Dear Me,

Today, February 9, 2011, you learned some valuable lessons and received some important reminders. I’m writing you this letter so that as you carry on (if the voters continue to have you!) with your political life, you won’t ever forget what you saw and what you learned.

Today you attended two meetings with Provincial Cabinet Ministers and MLAs. The stated reason for these meetings was so that they could “listen” to you and “get input” from you. To that end, you were invited to ask questions.

Remember that most of the Ministers and MLAs, the great majority in fact, were respectful listeners who genuinely seemed to want to interact. They gave answers, if they knew them, and said so when they didn’t. They invited those who asked questions or expressed concerns to send them their thoughts in written form so that they could follow up. They thanked people repeatedly for taking the time to come and discuss issues in our province.

Remember how being treated with respect and dignity and genuine concern made you feel: heard, hopeful. Remember that their conduct serves as a model of how leaders should interact with those to whom they are accountable.

Me, I also want you to bear in mind the way most of these Cabinet Ministers and MLAs managed even those who didn’t treat them respectfully. There were people who spoke passionately and challenged them directly, and there were even those who were accusatory and derisive. Most of these Cabinet Ministers and MLAs responded in even tones, ignored the insults and simply addressed the issues. They were patient and good-humoured in the face of anger and malice – most commendable.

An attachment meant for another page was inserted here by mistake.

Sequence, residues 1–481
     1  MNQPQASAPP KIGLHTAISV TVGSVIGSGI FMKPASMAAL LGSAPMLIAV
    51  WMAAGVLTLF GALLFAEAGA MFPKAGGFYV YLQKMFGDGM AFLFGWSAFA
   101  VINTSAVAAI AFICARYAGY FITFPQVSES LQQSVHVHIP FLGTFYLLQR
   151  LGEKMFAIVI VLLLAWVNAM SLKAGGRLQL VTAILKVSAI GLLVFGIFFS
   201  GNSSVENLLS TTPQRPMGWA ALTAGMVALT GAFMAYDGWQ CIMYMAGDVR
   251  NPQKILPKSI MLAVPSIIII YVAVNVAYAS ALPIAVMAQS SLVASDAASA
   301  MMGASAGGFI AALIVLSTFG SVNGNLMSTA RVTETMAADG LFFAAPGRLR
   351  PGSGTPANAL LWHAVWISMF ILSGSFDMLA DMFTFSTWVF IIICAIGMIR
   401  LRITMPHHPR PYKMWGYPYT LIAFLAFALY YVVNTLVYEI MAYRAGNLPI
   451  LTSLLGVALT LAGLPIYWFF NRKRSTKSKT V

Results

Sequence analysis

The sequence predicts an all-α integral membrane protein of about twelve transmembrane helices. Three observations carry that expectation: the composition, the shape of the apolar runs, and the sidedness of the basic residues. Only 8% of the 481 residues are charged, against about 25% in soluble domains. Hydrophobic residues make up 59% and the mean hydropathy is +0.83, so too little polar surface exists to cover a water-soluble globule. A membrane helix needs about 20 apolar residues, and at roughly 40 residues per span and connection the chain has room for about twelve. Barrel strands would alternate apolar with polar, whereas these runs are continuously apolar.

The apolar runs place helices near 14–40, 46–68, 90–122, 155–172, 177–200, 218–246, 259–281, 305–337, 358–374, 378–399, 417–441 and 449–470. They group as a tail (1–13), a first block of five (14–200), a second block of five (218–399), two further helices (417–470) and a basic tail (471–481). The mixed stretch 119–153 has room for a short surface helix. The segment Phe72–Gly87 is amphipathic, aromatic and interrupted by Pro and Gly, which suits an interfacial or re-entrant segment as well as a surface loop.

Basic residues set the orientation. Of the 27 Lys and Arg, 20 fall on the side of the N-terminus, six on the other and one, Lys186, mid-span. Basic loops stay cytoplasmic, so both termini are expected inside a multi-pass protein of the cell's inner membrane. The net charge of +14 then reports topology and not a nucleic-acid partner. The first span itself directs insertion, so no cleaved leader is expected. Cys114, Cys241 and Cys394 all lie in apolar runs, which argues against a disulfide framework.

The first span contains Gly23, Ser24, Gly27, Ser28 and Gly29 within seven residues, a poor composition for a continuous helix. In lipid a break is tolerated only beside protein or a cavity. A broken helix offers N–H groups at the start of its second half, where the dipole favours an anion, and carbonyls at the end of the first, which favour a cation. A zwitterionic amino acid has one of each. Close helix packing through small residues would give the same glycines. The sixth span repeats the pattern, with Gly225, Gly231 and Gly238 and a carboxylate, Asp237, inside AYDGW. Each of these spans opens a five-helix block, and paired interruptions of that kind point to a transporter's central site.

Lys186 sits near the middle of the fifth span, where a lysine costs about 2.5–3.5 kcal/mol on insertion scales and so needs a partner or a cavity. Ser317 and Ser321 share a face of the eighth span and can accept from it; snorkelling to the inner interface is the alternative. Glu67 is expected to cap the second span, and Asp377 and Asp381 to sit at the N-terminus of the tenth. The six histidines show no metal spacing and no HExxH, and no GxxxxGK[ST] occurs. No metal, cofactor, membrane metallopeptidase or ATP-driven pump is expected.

But sometimes, Me, the best lessons can be learned from the mistakes of others. Today you saw a couple of really strong examples of how a leader, particularly an elected representative, should NOT act. Remember how frustrating it was to be berated in a public meeting, to not have your question understood or answered, to be told, in essence, that you should be grateful for what you have and not be asking for more (even though you were only expressing concern and asking for information). Remember how defensive and aggressive these responses were. Remember how these certain elected officials jumped in with an argumentative posture even though your question was not directed to them. Remember how you wondered what happened to listening and gathering input. Remember how you wondered why the perspective was to represent the Government to the voter, rather than representing the voter to the Government. Remember how you felt as a voter: unheard, misunderstood, and filled with mistrust.

So, Me, it’s critical that you always consider your own conduct throughout your season as an elected representative, and bear these important examples in mind. Model your conduct after the good examples, and let the bad ones serve as dire warnings.

You cannot solve everyone’s problems, and  you will make mistakes in some of your decisions. What must be held to with unwavering fervor is a commitment to viewing yourself as a public servant, a representative of the people to government. You are accountable to those people and you must sacrifice your own wishes, your own agenda, and your own ego to serve those people. It’s what you signed up for.